Hi Book Lovers!
I hope you’re all well and had a brilliant Christmas. I’m sure you all got plenty of wonderful books that I’ll be keeping an eye out for, that’s for sure. I thought I was making a good dent into my reading pile but then more arrived… I love it though!
Today, I finished my Reading Challenge of 2021! I honestly had the best time with my Reading Challenge reading things that I wouldn’t normally pick, revisiting books that have been living on the shelves for far too long and for finding books that have changed my world. December’s book is no different. I’ve read the wonderful The Essex Serpent by Sarah Perry. This was gifted to me far too long ago because of its gorgeous cover so I’m glad I’ve finally got around to reading it. The theme for December was: Read a book with a beautiful cover. There are just not enough words for how stunning the cover of this book is. If you’re wanting to review the themes for my Reading Challenge this year, please click here. I can’t wait to show you what I’ve got planned for my Reading Challenge 2022, but more on that later! Time to crack on with my review of this brilliant book.
What’s it all about?
This is one of those books where all is not as it seems… Along with that, it’s one of those books where you can’t really give it the justice it deserves because there literally aren’t enough words. Regardless, I’ll give it a good go!
The novel centres around Cora Seaborne who I immediately fell in love with. She’s a widow but her husband, despite being wealthy is also quite abusive. With her new found freedom, she decides to ignore the constraints of her London society life and decides to take up amateur palaeontology. Whilst on holiday in Colchester with her son, Francis, and her companion, Martha, Cora is fascinated by a ruin caused by an earthquake which was rumoured to have awakened the Essex Serpent, a mythical sea dragon. Over time, the children and the locals become increasing convinced that the serpent is real and waiting to attack them. This irritates Will Ransome, the local reverend. The two frequently disagree about his faith and his refusal to believe in the serpent. However, the regular arguing brings them closer together.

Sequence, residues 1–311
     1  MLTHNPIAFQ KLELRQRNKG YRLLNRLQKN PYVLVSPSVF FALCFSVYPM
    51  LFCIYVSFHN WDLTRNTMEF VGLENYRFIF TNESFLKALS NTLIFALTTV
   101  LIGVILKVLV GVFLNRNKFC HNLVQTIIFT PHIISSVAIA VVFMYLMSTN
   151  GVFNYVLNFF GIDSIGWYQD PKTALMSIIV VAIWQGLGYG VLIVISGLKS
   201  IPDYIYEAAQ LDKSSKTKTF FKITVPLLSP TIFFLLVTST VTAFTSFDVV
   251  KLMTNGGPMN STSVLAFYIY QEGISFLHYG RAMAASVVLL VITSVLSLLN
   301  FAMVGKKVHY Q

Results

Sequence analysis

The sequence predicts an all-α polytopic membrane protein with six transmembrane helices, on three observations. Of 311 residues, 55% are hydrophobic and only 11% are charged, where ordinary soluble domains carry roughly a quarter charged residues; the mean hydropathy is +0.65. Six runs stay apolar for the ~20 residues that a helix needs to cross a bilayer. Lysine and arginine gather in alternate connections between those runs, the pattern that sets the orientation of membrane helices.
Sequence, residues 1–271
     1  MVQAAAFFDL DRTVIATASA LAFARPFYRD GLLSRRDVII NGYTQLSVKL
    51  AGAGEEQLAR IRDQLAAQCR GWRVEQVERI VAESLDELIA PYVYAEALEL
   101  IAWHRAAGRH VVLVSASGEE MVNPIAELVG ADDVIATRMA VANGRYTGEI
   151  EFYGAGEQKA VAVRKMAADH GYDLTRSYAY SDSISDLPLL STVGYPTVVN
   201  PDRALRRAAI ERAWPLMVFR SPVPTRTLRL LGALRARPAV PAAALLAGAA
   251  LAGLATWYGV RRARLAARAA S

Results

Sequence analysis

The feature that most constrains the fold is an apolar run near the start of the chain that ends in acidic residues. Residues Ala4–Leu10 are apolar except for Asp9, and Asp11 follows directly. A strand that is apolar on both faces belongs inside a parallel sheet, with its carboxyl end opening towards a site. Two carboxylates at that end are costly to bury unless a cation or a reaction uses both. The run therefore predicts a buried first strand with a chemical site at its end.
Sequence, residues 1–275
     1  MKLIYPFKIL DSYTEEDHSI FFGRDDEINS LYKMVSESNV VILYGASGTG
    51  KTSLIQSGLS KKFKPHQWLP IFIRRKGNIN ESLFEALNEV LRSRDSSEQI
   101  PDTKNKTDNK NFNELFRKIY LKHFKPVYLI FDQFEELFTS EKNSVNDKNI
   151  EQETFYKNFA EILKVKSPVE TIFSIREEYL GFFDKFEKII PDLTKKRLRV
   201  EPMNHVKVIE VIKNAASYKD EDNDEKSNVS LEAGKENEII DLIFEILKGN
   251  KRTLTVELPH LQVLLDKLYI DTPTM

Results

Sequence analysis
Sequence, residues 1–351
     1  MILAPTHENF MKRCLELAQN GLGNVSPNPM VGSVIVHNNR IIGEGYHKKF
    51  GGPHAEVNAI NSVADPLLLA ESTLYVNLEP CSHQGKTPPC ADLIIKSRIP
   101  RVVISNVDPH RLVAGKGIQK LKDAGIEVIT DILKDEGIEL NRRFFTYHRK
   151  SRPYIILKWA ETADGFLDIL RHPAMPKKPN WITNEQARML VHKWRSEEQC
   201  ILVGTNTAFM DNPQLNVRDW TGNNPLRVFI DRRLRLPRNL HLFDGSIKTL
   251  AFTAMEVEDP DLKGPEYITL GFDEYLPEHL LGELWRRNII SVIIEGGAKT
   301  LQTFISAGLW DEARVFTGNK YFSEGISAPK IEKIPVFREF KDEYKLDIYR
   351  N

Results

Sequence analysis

“Cora, you cannot always keep yourself away from things that hurt you. We all wish we could, but we cannot: to live at all is to be bruised.”
This doesn’t go unnoticed by Dr. Luke Garnett, Cora’s friend whom she invites (well, begs) him to visit following a disaster at school whereby after Cora visits, the children fall into fits. With permission from Stella Ransome, Luke hypnotises Joanna, their eldest daughter. Unfortunately, Will walks in on this scene and is furious. As a result, a serious rift is caused between him and Cora. As if things aren’t complicated enough, both Cora and Will realise that they are entailed within an emotional affair, as do Martha and Dr. Luke. To make matters worse, Luke has been in love with Cora for some time.
Will decides to confess his feelings to Cora in a letter shortly before he learns that Stella is sick with tuberculosis, where she is rapidly approaching the end of her life. Meanwhile, Luke also confesses his love to her via letter too. Cora, naturally very cautious and wary of men because of her turbulent time with her husband, is angered by both letters. She ignores the letter from Will and writes an angry reply to Luke. Sadly, Luke received the letter the very same day that a knife attack maims him permanently in a way that ends his medical career.
Later, a mysterious stench envelopes the town, making everyone physically sick. Thoughts soon fly to the Essex Serpent and panic starts to rise. Will and some other villages go to look where they find a gigantic fish on the shore that’s dying. The smell comes from that and its death means that the villagers rejoice and celebrate because the serpent was obviously never real. Cora is persuaded to see her friends and returns. This creates an opportunity for Will and Cora to patch things up. This is just the starting point for the both of them.
“We both speak of illuminating the world, but we have different sources of light.”
Whilst Cora and Will result in consummating their relationship, Joanna discovers that the serpent actually turns out to be an old boat previously thought to have been washed away. This discovery leads to another: Stella, whilst delirious and confused from her illness, has gone to the boat to die. Thankfully, Cora and Will are able to rescue Stella and return her to safety.
The novel closes with the Ransome children living with their friends, the Ambroses, whilst Stella awaits her death. Will finds himself in a sense of flux – he is happy with Stella whilst still in love with Cora. Luke meanwhile finds peace living with his friend Spencer and Core moves to London. She now lives alone as her companion, Martha, has fallen in love and her son has gone to boarding school. Cora is happy living in solitude but she does continue to write to Will, urging him to reunite with her.
“CLEAVE. To cleave to something is to cling to it with all your heart, he said, but to cleave something apart is to break it up.”
Firstly, and most obviously, this book is stunning. The cover is beautiful, the flowers ornate and the gold oozes opulence. However, for me it is the writing style that I absolutely love. It flows, it’s seamless and the description is divine. I wish I could write like that. I also thoroughly enjoyed the many letters which make up the narrative too. Letters provide a more intimate experience, we tend to see true emotions within them and these really added to the narrative. As I said at the start of this post, I genuinely don’t have the words to give this book the praise it deserves. But, it is clear to see why this book has won many awards. I urge you all to read it. You won’t be disappointed. What a brilliant way to close my Reading Challenge!
See you next time loves!
Big love xxx